Introduction to Emphysema Lung Disease
The lungs are a pair of organs in the chest that are first and foremostresponsible for the exchange of oxygen and carbon dioxide between the air aperson breathes and the blood.
Emphysema is a long-term, progressive disease of the lungs(it is a type of chronic obstructive pulmonary disease). It occurs when the airsacs at the ends of the bronchioles are gradually destroyed.
In emphysema, the bronchi and bronchioles get inflamed andare therefore constantly swollen and clogged. This then causes the alveoli toswell. These delicate air sacs burst and merge together. Damage to thealveoli makes it difficult for the transfer of oxygen and carbon dioxide.
If left untreated, this condition can cause other, serious complications (suchas pneumonia, heart disease, and hypertension, etc.) , and may cause a person toneed to be put on a breathing machine until the infection has cleared.
The most common causes of this condition include: smoking (this is thesingle most common cause of emphysema; there are four thousand chemicals in tobaccosmoke, which slowly destroy the small peripheral airways, the elastic air sacsand their supporting elastic fiber), and protein deficiency (of the AAtprotein; however, this only happens in 2 per cent of all cases of emphysema).
The symptoms of emphysema usually start off as being mild, and then getworse as the disease has progressed. The most common symptoms of this conditioninclude: shortness of breath, fatigue, wheezing, loss of appetite, chesttightness, chronic cough, weight loss, etc. The affected person may also have areduced capacity for doing any physical activity. This is the result of thelack of oxygen.It is very important that a person consult a doctor as soonas they have noticed the first signs of this disease. The doctor will then prescribethe best course of treatment.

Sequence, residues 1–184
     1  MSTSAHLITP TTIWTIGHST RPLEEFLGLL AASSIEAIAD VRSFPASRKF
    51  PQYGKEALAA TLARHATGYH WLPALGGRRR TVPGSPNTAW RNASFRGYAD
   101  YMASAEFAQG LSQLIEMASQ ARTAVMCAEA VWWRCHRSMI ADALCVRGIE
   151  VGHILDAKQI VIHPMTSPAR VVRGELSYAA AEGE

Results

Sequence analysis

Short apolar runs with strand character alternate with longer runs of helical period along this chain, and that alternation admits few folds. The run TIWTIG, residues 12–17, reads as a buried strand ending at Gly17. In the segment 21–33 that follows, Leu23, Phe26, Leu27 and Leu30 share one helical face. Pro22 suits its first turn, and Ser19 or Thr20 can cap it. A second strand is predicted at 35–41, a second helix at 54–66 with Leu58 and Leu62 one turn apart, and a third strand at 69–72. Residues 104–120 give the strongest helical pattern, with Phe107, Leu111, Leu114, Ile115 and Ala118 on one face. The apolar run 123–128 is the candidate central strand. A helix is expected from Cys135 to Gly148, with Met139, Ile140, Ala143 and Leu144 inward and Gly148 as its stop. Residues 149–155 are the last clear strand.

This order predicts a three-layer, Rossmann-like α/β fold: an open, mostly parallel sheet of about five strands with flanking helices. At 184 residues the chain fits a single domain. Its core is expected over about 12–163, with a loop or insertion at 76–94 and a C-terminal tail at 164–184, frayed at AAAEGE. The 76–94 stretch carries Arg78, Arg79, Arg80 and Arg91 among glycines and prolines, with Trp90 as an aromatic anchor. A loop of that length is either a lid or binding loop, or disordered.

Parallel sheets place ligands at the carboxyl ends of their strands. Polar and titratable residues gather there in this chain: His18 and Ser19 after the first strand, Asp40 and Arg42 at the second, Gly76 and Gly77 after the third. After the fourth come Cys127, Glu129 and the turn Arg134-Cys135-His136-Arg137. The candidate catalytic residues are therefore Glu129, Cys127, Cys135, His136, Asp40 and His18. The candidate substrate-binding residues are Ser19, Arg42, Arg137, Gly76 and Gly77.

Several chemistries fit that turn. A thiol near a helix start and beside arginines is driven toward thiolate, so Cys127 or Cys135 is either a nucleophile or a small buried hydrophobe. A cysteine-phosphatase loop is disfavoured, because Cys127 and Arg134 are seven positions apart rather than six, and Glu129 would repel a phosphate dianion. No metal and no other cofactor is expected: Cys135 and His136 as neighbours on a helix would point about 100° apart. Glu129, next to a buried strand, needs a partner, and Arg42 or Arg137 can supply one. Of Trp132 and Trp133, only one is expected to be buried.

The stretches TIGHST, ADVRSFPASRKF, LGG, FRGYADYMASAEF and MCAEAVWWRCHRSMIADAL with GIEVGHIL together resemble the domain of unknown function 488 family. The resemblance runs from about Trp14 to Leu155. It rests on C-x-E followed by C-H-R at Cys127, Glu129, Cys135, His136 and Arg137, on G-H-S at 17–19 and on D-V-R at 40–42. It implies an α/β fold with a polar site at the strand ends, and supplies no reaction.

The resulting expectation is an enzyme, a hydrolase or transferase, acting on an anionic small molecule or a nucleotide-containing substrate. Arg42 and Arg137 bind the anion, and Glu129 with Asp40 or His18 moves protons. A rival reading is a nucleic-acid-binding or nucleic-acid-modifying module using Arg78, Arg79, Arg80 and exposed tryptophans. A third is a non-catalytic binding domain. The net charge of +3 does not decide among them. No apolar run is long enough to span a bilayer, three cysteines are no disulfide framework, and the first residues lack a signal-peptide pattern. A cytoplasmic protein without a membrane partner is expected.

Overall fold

A doctor can diagnose emphysema from a physical exam,symptoms, and a chest x-ray, which may show such signs as over-inflation of thelungs and other changes. A lung function test can then detect reduced abilityto exhale fully. Blood tests can measure the concentrations of oxygen andcarbon dioxide in the blood.
Firstly, if the disease is the result of smoking, the doctorwill demand that the person immediately stop smoking, in order not to worsentheir condition. Then, the treatment will be focused on making the patient feelbetter and slow the advancement of emphysema. Measures can be taken to control the disease and itssymptoms.This can be done in various ways, by prescription medicine,surgery, and pulmonary rehabilitation program.